Kisses Sweeter than Wine

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"Kisses Sweeter Than Wine" is a popular song, with lyrics written and music adapted in 1950 by Pete Seeger and Lee Hays of The Weavers, and recorded by Jimmie Rodgers.[1] The tune was adapted from Lead Belly's "If It Wasn't for Dicky" (1937), which in turn was adapted from the traditional Irish folk tune "Drimindown / Drumion Dubh". The Weavers first released the song in 1951 as a Decca single, which reached number 19 on the Billboard chart and number 20 on the Cashbox chart in 1951.[2]

"Kisses Sweeter Than Wine"
1951 45 rpm release by The Weavers, 9-27670
Single by The Weavers
A-side"When the Saints Go Marching In"
ReleasedJuly 1951 (1951-07)
RecordedJune 12, 1951
Composer(s)Traditional Irish (credited to "Joel Newman")
Lyricist(s)Pete Seeger, Lee Hays (under pseudonym "Paul Campbell")
1951 sheet music, Folkways, New York.



Irish folk song – "An droimfhionn donn dilís" / "Drimindown"


The song is based on a version of the traditional Irish song "An droimfhionn donn dilís" (Irish for "The whitebacked brown faithful cow/calf") about a farmer and his dead cow. It is of the type categorized as "aisling" (dream) where the country of Ireland is given form. Most times the form is that of a comely young woman but here it is the faithful handsome cow.[citation needed]

The Irish singer Tom Galvin was recorded in 1982 singing a version called "Droimeann Donn" which uses a very similar melody to the one adapted by Leadbelly.[3] Traditional recordings of the original Irish song, Anglicised as "Drimindown" or "Drimmin Doo", also survived in the oral tradition in North America, from Prince Edward Island in Canada,[4] to the Ozark region of the United States.[5]

Lead Belly – "If It Wasn't for Dicky"


In his 1993 book Where Have All the Flowers Gone, Pete Seeger described the long genesis of this song. The American folk and blues singer Lead Belly heard Irishman Sam Kennedy singing "Drimmin Down" Greenwich Village. Lead Belly adapted the song into "If It Wasn't for Dicky",[6] which retained the tune he heard and the farmer/cow theme. Lead Belly did not like the lack of rhythm, a common feature Irish songs, so he made the piece more rhythmic, playing the chorus with a 12-string guitar. "If It Wasn't for Dicky" was first recorded by Lead Belly in 1937.

The Weavers – "Kisses Sweeter than Wine"


Seeger liked Lead Belly's version of the song. In 1950, the quartet The Weavers, to which Seeger belonged, had made a hit version of Lead Belly's "Goodnight, Irene", and they were looking for new material. Seeger and Lee Hays wrote new lyrics[6] (Hays wrote all new verses, Seeger re-wrote Lead Belly's chorus), turning "If It Wasn't for Dicky" into a love song. "Kisses Sweeter Than Wine" was published in 1951 and recorded by The Weavers on June 12, 1951 in New York City for Decca Records (catalog number 27670[7]), reaching number 19 on the US Billboard chart.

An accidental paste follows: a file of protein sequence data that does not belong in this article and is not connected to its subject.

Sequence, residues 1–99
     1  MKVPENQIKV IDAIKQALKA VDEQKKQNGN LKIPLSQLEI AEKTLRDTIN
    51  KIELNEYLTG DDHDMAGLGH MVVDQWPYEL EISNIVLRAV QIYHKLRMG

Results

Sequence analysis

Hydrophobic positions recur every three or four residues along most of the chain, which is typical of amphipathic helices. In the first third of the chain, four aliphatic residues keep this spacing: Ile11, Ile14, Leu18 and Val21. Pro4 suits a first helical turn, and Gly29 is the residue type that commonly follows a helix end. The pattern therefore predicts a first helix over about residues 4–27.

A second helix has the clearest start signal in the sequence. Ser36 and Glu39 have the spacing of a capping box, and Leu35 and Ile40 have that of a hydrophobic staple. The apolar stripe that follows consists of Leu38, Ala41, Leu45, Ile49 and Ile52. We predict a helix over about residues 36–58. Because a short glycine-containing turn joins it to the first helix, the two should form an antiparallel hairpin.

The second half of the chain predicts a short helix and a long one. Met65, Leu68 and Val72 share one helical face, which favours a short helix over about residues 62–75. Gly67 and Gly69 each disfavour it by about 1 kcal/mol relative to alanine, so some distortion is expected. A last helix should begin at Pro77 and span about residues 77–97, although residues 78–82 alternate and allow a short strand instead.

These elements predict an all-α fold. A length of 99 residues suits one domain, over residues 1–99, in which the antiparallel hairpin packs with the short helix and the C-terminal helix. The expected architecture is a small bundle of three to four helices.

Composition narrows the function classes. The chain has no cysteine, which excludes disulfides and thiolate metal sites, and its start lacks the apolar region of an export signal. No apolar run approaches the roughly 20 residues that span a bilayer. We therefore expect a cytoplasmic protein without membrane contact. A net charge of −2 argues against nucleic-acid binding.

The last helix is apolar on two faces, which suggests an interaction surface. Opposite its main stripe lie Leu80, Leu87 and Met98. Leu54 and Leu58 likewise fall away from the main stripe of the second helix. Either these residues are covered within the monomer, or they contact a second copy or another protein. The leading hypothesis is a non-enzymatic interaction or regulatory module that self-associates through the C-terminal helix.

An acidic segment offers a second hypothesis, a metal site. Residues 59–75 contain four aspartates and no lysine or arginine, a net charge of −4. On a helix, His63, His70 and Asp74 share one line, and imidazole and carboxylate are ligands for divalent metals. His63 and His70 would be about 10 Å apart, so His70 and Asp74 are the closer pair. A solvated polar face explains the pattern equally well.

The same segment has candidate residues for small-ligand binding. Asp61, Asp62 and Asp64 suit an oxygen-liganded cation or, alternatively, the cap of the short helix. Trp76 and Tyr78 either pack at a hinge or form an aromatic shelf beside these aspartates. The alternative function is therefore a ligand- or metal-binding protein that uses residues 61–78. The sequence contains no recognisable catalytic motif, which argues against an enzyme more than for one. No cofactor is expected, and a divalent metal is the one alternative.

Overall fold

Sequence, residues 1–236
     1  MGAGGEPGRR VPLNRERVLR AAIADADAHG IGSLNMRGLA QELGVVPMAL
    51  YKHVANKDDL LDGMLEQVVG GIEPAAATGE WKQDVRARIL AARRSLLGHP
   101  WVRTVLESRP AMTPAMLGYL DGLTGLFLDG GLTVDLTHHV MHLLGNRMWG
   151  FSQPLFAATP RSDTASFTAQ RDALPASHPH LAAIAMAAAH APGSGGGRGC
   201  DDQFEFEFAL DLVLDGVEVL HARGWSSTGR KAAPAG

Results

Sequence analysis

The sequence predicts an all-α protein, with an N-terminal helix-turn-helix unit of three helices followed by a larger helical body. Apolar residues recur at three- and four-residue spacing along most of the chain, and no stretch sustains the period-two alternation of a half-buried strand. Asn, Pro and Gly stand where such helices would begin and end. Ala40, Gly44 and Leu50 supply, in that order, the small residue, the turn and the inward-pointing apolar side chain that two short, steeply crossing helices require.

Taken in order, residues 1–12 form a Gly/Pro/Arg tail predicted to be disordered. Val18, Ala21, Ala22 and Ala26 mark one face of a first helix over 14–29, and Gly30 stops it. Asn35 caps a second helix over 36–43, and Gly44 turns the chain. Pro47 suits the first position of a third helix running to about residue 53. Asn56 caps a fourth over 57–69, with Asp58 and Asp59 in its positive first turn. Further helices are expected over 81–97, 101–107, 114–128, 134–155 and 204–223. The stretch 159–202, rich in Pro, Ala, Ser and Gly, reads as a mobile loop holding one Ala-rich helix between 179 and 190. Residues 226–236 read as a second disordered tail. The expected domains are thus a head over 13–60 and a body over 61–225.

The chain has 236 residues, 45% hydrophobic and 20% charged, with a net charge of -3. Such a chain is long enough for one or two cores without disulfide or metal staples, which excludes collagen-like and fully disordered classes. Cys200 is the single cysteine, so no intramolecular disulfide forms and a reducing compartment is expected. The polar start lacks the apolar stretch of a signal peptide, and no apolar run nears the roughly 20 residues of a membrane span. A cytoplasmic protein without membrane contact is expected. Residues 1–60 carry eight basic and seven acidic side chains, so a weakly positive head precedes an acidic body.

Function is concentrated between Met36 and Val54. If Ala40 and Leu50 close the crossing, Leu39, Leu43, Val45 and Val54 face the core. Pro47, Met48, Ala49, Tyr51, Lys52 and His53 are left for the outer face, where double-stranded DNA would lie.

The music was credited to Joel Newman and the lyrics to Paul Campbell, both names being pseudonyms for Howie Richmond, The Weavers' publisher.[8] The Weavers' music publisher was Folkways Publishing, one of the many subsidiaries (aliases) of TRO/The Richmond Organisation, founded by Howard Richmond. Others are Ludlow Music, Folkways Music, Essex, Hollis, Hampstead House, Worldwide Music, Melody Trails, and Cromwell.[9]

In his 1993 book, Seeger wrote: "Now, who should one credit on this song? The Irish, certainly. Sam Kennedy, who taught it to us. Lead Belly, for adding rhythm and blues chords. Me, for two new words for the refrain. Lee, who wrote seven verses. Fred and Ronnie, for paring them down to five. I know the song publisher, The Richmond Organization, cares. I guess folks whom TRO allows to reprint the song, (like Sing Out!, the publisher of this book) care about this too."

Chart performance


The Weavers' original 1951 single release spent six weeks on the Billboard chart, peaking at number 19, and reached number 20 on the Cashbox chart.[10][2]

Other recordings



  • Rap duo Fried Rice sampled the song in "J. Rodgers Intro" off their second studio album, Iced Tea Memes.[14]
  • British electronica act Bent sampled Nana Mouskouri's German language recording in their song, "K.i.s.s.e.s."


  1. ^ "Original versions of Kisses Sweeter than Wine by Peter, Paul and Mary | SecondHandSongs". SecondHandSongs. Archived from the original on 2018-02-22. Retrieved 2012-12-28.
  2. ^ a b "Songs from the Year 1951". Retrieved 4 May 2021.
  3. ^ "Droimeann Donn (Roud Folksong Index S465602)". The Vaughan Williams Memorial Library. Retrieved 2022-11-26.
  4. ^ "Drimindown (Roud Folksong Index S384579)". The Vaughan Williams Memorial Library. Retrieved 2022-11-26.
  5. ^ "Song Information". Retrieved 2022-11-26.
  6. ^ a b c "Show 18 – Blowin' in the Wind: Pop discovers folk music. [Part 1] : UNT Digital Library". 1969-05-18. Retrieved 2010-09-24.
  7. ^ "Decca Records in the 27500 to 27999 series". Retrieved 2010-09-24.
  8. ^ "Howie Richmond copyrighted many songs originally in the public domain but now slightly revised to satisfy Decca and also to reap the profits," Ronald D. Cohen, Rainbow Quest: the Folk Music Revival and American Society (Amherst: University of Massachusetts Press), page 71. By so doing, Richmond could reap both the publishers' share and also the composers share of the song's earnings.
  9. ^ See Music Publisher's Directory Archived 2009-01-08 at the Wayback Machine
  10. ^ "Best Sellers chart run Weavers Kisses Sweeter Than Wine".
  11. ^ "CHUM Hit Parade - November 25, 1957".
  12. ^ "Frankie Vaughn". The Official UK Charts Company. Retrieved September 3, 2020.
  13. ^ Buckley, Peter & Jonathan (eds.) (2003). The Rough Guide to Rock p. lxii. Rough Guides. ISBN 978-1-8582-8457-6. {{cite book}}: |first= has generic name (help)
  14. ^ "Fried Rice (Ft. The Chute, Jimmie F. Rodgers & Pridemore) – J. Rodgers Intro". Retrieved 2019-04-18.